Since the identity value is not something that's physically stored in any part of the database that you can access, I disagree that this breaks atomicity. If you don't want to "break atomicity", or if you care about gaps (you shouldn't), there are other ways to do this (e.g. use a serializable transaction and take MAX(col)+1 for the new row).

share|improve this answer
You can access the value using DBCC CHECKIDENT and must obviously be physical stored in the server somewhere – Jodrell Jul 19 '12 at 15:46
@Jodrell yes, it is stored, but please let me know where you can find it without using system functions. I can also execute xp_cmdshell and xp_reg scripts from within the database, does that make the file system and registry part of atomicity too? – Aaron Bertrand Jul 19 '12 at 15:49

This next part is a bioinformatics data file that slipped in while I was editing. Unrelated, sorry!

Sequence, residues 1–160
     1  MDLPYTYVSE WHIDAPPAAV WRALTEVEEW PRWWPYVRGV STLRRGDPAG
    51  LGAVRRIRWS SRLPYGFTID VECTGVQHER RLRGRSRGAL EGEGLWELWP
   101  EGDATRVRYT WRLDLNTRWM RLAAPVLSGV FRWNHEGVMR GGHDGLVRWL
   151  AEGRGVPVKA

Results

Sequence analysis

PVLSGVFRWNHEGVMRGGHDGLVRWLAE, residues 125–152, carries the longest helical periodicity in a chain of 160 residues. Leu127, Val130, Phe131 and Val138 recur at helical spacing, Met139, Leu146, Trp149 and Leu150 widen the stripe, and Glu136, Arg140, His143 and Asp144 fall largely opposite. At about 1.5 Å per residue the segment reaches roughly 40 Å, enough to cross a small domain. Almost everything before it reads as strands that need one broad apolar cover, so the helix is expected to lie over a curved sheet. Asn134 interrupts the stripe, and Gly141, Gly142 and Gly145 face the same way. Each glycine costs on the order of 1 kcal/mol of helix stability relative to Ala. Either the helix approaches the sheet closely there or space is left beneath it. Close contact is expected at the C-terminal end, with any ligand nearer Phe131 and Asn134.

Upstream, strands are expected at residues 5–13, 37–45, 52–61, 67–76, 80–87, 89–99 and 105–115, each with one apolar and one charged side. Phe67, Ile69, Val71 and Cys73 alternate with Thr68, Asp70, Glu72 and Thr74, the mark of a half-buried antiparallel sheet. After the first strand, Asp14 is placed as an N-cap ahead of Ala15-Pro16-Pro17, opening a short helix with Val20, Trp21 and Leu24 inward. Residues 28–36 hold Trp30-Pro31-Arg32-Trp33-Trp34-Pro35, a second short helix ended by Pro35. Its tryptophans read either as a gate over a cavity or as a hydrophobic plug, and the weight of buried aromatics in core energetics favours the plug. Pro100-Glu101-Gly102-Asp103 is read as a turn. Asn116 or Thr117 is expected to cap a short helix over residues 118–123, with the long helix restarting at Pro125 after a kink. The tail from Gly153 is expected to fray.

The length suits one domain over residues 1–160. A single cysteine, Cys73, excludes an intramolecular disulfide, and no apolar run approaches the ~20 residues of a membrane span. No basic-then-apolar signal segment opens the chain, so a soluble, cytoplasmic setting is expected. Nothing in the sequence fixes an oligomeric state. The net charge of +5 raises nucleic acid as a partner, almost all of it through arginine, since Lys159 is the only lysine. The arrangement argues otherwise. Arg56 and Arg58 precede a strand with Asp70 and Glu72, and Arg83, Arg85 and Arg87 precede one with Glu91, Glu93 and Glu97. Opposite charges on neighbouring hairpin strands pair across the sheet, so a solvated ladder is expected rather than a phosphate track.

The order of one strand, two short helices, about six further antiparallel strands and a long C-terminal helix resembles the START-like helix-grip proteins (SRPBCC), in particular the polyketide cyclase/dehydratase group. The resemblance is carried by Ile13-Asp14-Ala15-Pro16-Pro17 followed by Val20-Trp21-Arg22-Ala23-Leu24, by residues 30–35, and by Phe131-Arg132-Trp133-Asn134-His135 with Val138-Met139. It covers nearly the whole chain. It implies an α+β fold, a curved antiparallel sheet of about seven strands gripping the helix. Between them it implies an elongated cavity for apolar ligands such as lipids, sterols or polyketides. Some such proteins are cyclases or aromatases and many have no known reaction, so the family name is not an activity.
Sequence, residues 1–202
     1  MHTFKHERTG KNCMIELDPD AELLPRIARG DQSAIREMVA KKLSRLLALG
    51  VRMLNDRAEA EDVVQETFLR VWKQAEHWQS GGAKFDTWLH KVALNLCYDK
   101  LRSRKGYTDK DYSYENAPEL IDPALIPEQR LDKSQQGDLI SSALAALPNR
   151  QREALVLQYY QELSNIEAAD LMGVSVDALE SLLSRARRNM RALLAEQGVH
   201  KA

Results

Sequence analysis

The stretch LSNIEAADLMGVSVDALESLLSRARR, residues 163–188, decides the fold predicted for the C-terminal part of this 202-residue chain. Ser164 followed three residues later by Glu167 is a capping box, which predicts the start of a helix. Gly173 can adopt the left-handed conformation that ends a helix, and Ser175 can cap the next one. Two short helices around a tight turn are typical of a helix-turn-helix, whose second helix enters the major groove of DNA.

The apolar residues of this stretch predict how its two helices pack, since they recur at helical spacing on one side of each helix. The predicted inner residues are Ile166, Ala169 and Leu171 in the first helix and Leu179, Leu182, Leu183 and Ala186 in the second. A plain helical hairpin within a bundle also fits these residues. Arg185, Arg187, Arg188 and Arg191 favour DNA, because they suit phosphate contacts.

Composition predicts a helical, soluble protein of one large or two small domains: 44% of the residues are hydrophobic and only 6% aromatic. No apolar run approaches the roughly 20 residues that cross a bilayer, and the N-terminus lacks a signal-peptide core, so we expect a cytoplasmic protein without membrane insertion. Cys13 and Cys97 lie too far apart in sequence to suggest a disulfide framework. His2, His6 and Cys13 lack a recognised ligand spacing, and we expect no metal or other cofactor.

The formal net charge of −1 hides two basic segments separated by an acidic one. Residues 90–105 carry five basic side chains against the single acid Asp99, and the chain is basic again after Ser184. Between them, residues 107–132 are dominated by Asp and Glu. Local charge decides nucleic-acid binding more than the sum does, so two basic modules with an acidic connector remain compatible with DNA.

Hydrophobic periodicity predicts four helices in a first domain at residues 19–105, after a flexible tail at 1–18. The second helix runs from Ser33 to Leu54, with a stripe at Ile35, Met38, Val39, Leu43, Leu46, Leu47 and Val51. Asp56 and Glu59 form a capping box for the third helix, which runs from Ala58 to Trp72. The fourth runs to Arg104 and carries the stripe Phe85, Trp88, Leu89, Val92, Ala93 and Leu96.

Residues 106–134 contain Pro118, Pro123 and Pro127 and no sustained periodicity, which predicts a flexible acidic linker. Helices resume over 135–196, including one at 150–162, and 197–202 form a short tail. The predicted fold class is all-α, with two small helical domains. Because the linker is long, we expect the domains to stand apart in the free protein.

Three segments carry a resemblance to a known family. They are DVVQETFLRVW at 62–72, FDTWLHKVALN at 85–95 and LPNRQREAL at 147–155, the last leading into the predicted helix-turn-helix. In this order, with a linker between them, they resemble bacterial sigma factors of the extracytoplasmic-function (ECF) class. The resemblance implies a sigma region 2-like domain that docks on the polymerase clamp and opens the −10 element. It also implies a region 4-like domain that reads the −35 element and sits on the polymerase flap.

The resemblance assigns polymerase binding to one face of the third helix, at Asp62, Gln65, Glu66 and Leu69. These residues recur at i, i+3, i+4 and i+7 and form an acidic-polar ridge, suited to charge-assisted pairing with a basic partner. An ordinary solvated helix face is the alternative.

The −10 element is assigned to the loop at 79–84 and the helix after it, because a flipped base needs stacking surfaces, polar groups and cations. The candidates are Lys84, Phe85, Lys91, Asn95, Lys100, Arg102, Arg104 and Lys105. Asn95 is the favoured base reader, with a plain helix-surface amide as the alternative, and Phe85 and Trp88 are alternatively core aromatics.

I don't believe identity columns are part of standard SQL so that would be challenging. Either way, I agree that you shouldn't rely on contiguous values and therefore the atomicity is moot. – Jodrell Jul 19 '12 at 15:56
@Jodrell In other words, the identity value that is generated is not part of your data until it has been successfully committed to your table. An IDENTITY value is a meaningless, surrogate key. If you generate a NEWID() value and do nothing with it, do you expect it to be written somewhere so that it is the next one used by some other transaction, or would generating a different NEWID() value also break atomicity? What about trying to roll back a call to sp_send_dbmail or NET SEND? You should consider the generation of IDENTITY values to be external, for all intents & purposes. – Aaron Bertrand Jul 19 '12 at 15:56
I agree with you but, from a purist view all your examples would break atomicity. I don't suggest that should change. It's better that MS SQL is extended in this way without the burden of some distributed transaction system. – Jodrell Jul 19 '12 at 16:06